Cultured Vultures: Literary Nuggets: Why A Midsummer Night’s Dream Is Shakespeare’s Greatest Comedy – “Feel good laughs don’t come much better than this”, says Nat Wassell .
Literary Hub: 13 Books You Should Read in April – “Recommended reading from Lit Hub staff and contributors”.
Longreads: “The Leaky Vessel”: On Lewis Carroll and the Perils of Being Female – “Rachel Vorona Cote on how the Victorian era’s restrictive prescriptions for acceptable female behavior pollute society to this day.”
CrimeReads: Agatha Christie is the Best-Selling Novelist in History. – Olivia Rutigliano looks back on 100 years of the Queen of Crime.
Al Jazeera: From Sa’di to Boccaccio: The literary legacy of pandemics – Hamid Dabashi thinks literature “can help us survive this pandemic with a healthy constellation of our mental, moral, and critical faculties.”
The New Yorker: Inside Tove Jansson’s Private Universe – “Best known as the creator of the Moomins, Jansson was a cartoonist, writer, and creator of all sorts, whose fans clamored for more of her strange and enthralling fictional worlds”, writes Sheila Heti.
Melville House: Looks like everyone suddenly found time to finish that novel – Athena Bryan finds agents are “reporting an inundation of submissions in recent days.”
Brittle Paper: Bernardine Evaristo’s Latest Short Story, Her 12th Published, Is a Juicy Satire on Gender, Race, & Academia – “She might have eight books published […], but Bernardine Evaristo is not so much of a devotee to the short fiction form, with only around 12 published over her four-decade creative career.”
Columbia Journalism Review: COVID-19 is spawning a global press-freedom crackdown – Joel Simon reports that the Covid-19 pandemic is spawning a global press-freedom crackdown.
NPR: ‘A Matter Of Common Decency’: What Literature Can Teach Us About Epidemics – Melissa Block talks to educators and authors about what literature can teach us about dealing with epidemics.
Japan Today: Tsutaya Tokyo Roppongi reopens with brand new look, concept – Tokyo’s ‘foreign bookstore’ has reopened, finds Mai Shoji.
The Globe and Mail: Canada’s independent booksellers try to weather the coronavirus storm – Marsha Lederman finds that Canada’s indie bookstores are finding ways to work through the pandemic.
Wanted in Rome: How Rome’s English-language bookshops are coping with lockdown – “Rome’s English-language bookshops are battling the difficult days of lockdown with a series of initiatives and promotions.”
Penguin: 8 environmental classics to get you in the mood for spring – “For a reminder that spring is still happening outside, [Penguin are] welcoming the season with a curated list of some of the best environmental and ecological writing from Penguin Classics.”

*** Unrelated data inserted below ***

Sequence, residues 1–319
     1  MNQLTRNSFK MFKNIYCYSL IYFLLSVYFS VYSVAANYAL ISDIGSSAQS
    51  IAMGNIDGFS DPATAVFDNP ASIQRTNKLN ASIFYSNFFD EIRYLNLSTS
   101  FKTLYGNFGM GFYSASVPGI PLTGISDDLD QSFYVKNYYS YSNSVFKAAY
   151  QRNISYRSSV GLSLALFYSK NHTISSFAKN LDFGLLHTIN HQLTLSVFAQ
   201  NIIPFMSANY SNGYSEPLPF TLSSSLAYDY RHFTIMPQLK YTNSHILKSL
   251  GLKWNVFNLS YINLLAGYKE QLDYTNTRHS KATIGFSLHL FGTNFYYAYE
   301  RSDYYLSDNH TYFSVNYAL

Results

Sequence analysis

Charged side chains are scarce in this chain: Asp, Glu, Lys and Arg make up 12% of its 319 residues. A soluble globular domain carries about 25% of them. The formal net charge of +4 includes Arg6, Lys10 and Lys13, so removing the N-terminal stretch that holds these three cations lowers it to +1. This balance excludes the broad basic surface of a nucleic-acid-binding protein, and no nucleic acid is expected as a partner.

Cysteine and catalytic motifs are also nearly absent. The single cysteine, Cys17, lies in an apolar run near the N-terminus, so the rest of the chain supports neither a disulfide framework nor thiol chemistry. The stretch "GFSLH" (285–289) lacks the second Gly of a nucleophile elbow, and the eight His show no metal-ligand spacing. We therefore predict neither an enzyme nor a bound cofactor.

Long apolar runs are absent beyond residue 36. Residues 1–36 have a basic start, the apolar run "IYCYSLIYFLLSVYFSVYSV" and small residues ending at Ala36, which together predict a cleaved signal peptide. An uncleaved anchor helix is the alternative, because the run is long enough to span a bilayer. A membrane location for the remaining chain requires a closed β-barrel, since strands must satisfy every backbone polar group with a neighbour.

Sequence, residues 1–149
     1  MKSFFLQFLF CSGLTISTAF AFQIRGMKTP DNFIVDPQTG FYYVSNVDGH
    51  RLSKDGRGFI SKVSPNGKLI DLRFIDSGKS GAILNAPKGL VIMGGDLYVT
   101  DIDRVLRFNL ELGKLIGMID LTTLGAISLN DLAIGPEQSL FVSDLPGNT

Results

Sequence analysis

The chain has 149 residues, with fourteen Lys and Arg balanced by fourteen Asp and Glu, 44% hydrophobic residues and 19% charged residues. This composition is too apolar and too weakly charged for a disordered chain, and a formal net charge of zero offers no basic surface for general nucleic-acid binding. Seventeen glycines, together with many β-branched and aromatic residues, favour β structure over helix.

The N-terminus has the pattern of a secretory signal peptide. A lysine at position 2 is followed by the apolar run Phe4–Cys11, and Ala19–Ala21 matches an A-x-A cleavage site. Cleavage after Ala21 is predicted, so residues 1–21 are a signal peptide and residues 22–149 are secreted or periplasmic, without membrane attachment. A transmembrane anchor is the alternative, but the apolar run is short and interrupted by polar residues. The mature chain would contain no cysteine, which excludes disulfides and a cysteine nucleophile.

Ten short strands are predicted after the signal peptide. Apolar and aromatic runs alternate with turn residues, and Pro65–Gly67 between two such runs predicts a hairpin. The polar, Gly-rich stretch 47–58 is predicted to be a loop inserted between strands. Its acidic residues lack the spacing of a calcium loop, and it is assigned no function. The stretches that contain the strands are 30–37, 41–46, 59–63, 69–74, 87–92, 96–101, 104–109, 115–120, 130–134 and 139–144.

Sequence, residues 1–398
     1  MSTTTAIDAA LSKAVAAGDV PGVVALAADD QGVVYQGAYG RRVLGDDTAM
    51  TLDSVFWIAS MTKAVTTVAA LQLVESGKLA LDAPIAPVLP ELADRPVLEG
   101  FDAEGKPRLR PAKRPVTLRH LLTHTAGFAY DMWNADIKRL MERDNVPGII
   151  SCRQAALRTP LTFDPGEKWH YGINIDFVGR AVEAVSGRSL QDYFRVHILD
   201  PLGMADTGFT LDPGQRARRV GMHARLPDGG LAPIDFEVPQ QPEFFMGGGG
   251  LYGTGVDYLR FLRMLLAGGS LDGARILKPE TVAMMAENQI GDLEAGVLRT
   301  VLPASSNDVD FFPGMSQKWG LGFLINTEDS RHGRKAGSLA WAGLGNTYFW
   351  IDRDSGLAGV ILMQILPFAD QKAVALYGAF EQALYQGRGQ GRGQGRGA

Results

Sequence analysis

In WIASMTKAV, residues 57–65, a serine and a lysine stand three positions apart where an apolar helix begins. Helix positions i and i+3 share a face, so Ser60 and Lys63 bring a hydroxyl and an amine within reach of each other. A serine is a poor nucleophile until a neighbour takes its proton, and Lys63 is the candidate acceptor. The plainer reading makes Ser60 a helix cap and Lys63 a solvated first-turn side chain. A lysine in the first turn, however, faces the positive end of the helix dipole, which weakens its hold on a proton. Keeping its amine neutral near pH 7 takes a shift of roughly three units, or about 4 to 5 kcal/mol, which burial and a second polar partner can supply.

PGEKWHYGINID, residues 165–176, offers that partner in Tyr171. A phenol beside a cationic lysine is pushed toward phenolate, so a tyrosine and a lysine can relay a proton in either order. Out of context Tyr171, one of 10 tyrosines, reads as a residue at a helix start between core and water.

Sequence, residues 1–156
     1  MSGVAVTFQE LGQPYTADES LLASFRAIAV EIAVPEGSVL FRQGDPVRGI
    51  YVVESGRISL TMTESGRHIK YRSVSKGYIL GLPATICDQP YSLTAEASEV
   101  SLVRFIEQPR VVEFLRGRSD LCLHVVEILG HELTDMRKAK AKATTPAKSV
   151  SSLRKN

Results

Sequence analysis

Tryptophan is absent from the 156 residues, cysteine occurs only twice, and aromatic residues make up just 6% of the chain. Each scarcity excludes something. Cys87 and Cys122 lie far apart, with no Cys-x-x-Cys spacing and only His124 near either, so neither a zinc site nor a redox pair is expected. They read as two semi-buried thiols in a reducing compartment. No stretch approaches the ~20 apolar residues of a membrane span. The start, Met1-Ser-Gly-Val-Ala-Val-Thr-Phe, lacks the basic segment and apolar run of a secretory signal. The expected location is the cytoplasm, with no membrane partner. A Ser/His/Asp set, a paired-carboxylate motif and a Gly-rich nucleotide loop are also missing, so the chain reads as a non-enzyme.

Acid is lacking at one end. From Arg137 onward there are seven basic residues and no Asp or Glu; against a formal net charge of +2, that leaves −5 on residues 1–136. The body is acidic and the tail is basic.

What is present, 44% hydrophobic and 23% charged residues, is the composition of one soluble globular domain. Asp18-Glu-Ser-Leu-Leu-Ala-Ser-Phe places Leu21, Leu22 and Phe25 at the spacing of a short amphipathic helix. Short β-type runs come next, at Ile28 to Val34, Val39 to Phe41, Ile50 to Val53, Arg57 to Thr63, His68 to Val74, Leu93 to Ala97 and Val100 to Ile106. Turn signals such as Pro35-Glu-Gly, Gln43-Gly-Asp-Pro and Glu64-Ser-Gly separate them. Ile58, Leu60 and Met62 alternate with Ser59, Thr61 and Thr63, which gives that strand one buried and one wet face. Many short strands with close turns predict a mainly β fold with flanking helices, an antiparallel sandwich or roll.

Bookforum: Stockholm, Are You Listening? – Gerald Howard explains why he thinks Don DeLillo deserves the Nobel.
The Baffler: I’m Not Feeling Good at All – Jess Bergman on the “perplexingly alienated women of recent American fiction”.
Vintage Books: Acts of kindness – celebrating our nurses and the NHS – “In 2018, retired nurse Christie Watson wrote her memoir, The Language of Kindness. Christie is now joining the taskforce to fight the Covid-19 pandemic and is returning to the NHS.”
American Libraries: How to Sanitize Collections in a Pandemic – “Conservators weigh in on the mysteries of materials handling during COVID-19”.
Tor: Books in Which No Bad Things Happen – Jo Walton seeks books in which no bad things happen.
Time: Take a Moment to Dip Into the Miniature World of This Library For Birds Livestream – Cady Lang finds a library that is staying open during the lockdown – for wild birds!
If there is something you would particularly like to see on Winding Up the Week or if you have any suggestions, questions or comments for Book Jotter in general, please drop me a line or comment below. I would be delighted to hear from you.
Thank you for taking the time to read this post. I wish you a week bountiful in books and rich in reading.
NB In this feature, ‘winding up’ refers to the act of concluding something and should not be confused with the British expression: ‘wind-up’ – an age-old pastime of ‘winding-up’ friends and family by teasing or playing pranks on them. If you would like to know more about this expression, there’s an excellent description on Urban Dictionary.
Categories: Winding Up the Week